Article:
One year since he was released after serving nearly 10 years in prison for a crime he says he never committed, Ryan Ferguson is doing his best to remain positive.
"I thought when I got out I'd be really happy, you know, I got my freedom back,'' Ferguson told TODAY's Sheinelle Jones on Thursday. "But it's two different worlds, prison and out here, and I've found a lot of struggles."
Ferguson, 30, was convicted in 2005 for the beating and strangling of newspaper editor Kent Heitholt on Halloween night in2001 and sentenced to 40 years in prison when he was 19 years old. On Nov. 5, 2013, the Missouri Court of Appeals Western District vacated Ferguson’s murder conviction, with Judge Cynthia Martin ruling that Ferguson did not receive a fair trial and that “his verdict is not worthy of confidence.”
Ferguson was convicted on the strength of the testimony of childhood friend Charles Erickson and night custodian Jerry Trump. In 2005, Erickson pleaded guilty to second-degree murder and first-degree robbery and testified he had a "dream-like" memory of the crime. However, Erickson and Trump admitted in 2012 to a lower court judge that they lied on the stand during Ferguson’s trial, and recanted their accounts.
Since his release, Ferguson has moved from Missouri to Florida to be close with his loved ones and is celebrating the three most important things in his life. Jones asked him if he made a wish on his 30th birthday Oct. 19.
"I have my wish,'' he said. "Family, friends, and freedom. So, the three Fs."
Ferguson's attorney, Kathleen Zellner, has filed a $100 million federal civil rights lawsuit seeking damages against current and former members of the Columbia, Missouri, Police Department and a prosecutor who is now a judge.
While Ferguson now works to raise awareness about his experience with the justice system, the time he spent behind bars is hard to forget. "It really hurts to think about that,'' he said. "You try to avoid it, but it's impossible. I missed out on all my 20s, and there's just no getting away from that."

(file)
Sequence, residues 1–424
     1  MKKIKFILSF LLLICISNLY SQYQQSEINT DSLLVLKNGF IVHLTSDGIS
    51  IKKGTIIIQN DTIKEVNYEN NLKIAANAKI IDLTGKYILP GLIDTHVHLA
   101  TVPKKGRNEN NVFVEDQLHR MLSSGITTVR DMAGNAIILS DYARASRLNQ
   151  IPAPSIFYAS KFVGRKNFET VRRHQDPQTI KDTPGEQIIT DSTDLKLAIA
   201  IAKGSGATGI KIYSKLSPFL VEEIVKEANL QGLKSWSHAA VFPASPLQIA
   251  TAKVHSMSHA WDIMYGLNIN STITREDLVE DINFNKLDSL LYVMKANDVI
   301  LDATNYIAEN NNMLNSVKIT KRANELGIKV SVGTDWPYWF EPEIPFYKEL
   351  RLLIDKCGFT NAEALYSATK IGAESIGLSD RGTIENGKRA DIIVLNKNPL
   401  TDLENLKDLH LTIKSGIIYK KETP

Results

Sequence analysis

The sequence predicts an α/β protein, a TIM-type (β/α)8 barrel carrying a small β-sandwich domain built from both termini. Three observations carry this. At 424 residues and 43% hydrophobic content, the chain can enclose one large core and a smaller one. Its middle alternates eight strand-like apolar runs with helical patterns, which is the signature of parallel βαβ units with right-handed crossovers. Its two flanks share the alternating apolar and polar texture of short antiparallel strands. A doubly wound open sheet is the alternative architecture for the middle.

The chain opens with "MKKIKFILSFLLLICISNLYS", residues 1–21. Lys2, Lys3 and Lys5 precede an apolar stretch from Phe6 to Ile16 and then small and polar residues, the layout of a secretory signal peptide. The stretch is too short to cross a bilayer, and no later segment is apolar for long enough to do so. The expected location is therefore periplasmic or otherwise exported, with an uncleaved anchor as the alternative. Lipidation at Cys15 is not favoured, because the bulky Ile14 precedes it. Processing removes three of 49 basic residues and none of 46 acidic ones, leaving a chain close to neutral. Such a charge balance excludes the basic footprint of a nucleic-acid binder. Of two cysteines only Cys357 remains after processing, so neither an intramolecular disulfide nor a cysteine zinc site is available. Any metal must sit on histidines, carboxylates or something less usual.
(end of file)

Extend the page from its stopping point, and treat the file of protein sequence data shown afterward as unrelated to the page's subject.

He also believes his story is just one of thousands involving people who are currently incarcerated because of wrongful convictions.
"I have this opportunity to show people that this isn't just happening to me,'' Ferguson said. "I am not an anomaly. This happens all the time."
Ferguson believes social media, particularly Facebook, played an important role in getting him released from prison by spreading awareness of his conviction. Ironically, he never had never been on Facebook until he was freed from prison.
"It was definitely not the first night I got out,'' he joked.
Ferguson, who was arrested during his freshman year of college, has also been working with the nonprofit organization Ava's Grace, which provides scholarships for higher education to children who have a parent or guardian incarcerated. Writing and fitness have been two important outlets for him; he competed in a Spartan Race, and has a book being released in January titled "Stronger, Faster, Smarter," about how to push through obstacles in life.
"Keep Pushing' is a metaphor for life,'' he said. "It's usable in the gym, it's usable in our education, everything. So I'm gonna keep pushing, and hopefully we'll help some others keep pushing."